Nauru’s Foreign Minister Reacts to Doha Outcome

on December 8, 2012

For Immediate Release:

8 December 2012

Contact: Michael Crocker,, +1 978 968 9499

Doha—At the rushed end of the 2012 UN climate conference, Foreign Minister Kieren Keke of Nauru, Chair of the Alliance of Small Island States, released the following statement:

“This is not where we wanted to be at the end of the meeting, I assure you. It certainly isn’t where we need to be in order to prevent islands from going under and other unimaginable impacts.

“The biggest concern – and not just for small islands mind you – is the failure to deliver the mitigation ambition the scientific community says is essential to keep global warming from exceeding 2 degrees Celsius, to say nothing of 1.5 degrees, and the cascade of catastrophes that would follow.

“Parties have agreed to work together over the next two years to raise ambition. We know 2014 must be the year that the world finally joins together to close the ambition gap.

“It has become abundantly clear that unless the work is supported by world leaders, particularly those representing the countries most responsible for the crisis, we will continue to fall short year after year. We call on them to turn their full and immediate attention to this global emergency.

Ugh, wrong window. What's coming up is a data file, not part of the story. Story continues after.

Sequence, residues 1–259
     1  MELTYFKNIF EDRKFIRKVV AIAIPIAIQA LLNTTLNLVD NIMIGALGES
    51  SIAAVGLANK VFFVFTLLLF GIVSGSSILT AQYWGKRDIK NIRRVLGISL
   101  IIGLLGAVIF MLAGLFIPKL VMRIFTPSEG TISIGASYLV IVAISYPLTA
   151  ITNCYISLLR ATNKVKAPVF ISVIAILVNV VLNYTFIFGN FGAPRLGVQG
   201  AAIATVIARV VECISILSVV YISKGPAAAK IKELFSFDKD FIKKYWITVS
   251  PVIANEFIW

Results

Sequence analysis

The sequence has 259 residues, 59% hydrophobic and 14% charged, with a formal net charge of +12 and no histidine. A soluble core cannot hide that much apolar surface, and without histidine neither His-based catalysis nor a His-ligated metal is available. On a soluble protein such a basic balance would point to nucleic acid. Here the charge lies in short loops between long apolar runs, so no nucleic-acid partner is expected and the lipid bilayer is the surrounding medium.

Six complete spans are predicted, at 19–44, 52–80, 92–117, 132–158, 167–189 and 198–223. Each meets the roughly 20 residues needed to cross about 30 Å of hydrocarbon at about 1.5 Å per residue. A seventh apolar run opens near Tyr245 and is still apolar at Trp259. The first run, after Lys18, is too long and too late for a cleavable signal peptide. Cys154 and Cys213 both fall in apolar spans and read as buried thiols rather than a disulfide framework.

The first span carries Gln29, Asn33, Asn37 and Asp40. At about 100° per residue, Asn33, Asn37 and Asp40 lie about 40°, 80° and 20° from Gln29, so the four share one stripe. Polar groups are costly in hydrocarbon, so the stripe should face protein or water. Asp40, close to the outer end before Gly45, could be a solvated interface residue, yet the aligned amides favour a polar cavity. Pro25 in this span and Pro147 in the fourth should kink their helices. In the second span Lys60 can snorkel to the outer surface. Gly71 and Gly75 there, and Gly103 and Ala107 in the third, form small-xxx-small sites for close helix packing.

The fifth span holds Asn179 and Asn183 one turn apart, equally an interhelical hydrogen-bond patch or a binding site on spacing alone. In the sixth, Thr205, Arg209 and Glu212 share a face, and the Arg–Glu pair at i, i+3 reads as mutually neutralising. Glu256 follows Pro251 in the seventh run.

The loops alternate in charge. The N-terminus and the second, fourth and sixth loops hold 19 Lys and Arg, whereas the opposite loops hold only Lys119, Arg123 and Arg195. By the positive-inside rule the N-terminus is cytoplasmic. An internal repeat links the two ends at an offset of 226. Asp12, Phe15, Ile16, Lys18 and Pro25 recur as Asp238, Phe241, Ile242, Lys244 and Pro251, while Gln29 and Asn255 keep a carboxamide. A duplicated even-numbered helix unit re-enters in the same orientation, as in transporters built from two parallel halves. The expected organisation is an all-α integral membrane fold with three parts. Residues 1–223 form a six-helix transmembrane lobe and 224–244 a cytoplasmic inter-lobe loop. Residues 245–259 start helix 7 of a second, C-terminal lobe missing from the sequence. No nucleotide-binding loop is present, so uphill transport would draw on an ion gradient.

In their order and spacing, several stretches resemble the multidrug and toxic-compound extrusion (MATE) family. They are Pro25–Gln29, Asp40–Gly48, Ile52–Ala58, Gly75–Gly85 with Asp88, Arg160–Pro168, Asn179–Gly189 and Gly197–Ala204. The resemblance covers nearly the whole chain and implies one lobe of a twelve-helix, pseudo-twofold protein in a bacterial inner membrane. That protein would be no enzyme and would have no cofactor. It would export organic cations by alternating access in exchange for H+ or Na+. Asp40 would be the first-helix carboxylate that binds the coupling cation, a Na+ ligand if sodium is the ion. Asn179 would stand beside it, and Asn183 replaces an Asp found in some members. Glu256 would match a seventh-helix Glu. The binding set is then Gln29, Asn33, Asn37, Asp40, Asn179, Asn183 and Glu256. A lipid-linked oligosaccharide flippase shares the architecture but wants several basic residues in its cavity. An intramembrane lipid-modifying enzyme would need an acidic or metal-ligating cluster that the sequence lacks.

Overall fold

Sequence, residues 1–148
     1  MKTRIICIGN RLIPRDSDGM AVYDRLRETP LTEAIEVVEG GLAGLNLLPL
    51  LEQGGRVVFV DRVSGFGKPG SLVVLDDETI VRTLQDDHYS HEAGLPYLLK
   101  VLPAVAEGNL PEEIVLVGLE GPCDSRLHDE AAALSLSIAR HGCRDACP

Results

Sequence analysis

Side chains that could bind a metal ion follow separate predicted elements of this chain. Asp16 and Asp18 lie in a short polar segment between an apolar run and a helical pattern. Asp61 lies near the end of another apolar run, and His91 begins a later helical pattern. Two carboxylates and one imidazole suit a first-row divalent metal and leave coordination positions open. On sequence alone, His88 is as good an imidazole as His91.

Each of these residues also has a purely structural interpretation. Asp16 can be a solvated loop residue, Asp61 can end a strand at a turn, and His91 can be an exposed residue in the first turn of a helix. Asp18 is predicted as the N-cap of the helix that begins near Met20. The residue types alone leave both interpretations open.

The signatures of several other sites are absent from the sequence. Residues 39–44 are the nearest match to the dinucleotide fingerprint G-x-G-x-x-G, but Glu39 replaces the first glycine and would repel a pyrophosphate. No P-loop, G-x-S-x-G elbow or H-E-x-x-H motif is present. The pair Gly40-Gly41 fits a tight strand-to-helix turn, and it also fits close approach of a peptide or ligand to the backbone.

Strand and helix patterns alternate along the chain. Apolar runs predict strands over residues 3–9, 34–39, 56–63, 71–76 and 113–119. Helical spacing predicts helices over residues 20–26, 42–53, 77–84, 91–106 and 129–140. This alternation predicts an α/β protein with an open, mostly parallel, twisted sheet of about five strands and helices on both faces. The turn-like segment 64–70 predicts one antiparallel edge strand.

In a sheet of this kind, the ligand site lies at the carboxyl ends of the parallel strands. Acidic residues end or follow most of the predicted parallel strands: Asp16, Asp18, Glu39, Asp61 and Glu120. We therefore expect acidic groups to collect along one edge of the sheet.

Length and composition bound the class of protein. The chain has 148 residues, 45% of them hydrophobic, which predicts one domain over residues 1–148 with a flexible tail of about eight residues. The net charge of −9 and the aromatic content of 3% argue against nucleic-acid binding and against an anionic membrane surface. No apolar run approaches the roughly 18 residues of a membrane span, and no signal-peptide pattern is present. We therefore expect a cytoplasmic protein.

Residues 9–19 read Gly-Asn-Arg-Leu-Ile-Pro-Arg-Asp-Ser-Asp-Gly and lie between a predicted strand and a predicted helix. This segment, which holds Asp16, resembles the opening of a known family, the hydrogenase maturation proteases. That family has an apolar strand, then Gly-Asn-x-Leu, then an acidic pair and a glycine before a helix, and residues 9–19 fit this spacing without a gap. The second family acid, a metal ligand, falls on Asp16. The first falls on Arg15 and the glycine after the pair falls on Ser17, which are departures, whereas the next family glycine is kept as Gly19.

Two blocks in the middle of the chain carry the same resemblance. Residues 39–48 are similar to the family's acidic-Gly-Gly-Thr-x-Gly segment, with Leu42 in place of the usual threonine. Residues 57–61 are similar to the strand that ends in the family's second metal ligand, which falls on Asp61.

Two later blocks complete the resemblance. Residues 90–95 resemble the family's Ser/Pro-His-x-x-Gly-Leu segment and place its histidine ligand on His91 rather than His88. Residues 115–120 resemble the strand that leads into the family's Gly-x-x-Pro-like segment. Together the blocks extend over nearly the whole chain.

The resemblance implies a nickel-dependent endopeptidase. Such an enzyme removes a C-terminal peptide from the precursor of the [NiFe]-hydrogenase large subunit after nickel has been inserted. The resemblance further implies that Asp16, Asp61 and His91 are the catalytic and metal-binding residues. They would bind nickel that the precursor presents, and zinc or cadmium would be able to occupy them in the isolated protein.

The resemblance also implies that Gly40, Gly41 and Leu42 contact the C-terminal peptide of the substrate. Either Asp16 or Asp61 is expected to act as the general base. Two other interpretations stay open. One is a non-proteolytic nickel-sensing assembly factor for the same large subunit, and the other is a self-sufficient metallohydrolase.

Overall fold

“We will know in the next two years, after which the opportunity to avert the worst impacts of the crisis may be irrevocably lost, whether they have delivered on this most basic function of leadership. It is the responsibility of people of conscience to hold them to account and history will be the judge of us all.”


Pin It

Comments are closed.

« »

Climate Conversations

News from

  • Your Binge-Watching Is Making the Planet Warmer
    May 22, 2015
    Those cat videos, TED talks, and Netflix original series you watch to unwind might be slowly killing the planet. You recycle. You ride your bike to work. You bring your own bags to the groce [...]
  • This Palm Oil Company Just Bulldozed a Rainforest
    May 22, 2015
    Astra has cut down 14,000 hectares of forests since 2007 to make way for palm oil plantations, environmentalists say. In the last two years, a series of companies have made bold commitments [...]
  • Farming in the Sky
    May 22, 2015
    Why agriculture may someday take place in towers, not fields. A couple of Octobers ago, I found myself standing on a 5,000-acre cotton crop in the outskirts of Lubbock, Texas, shoulder-to-sh [...]
Scroll to top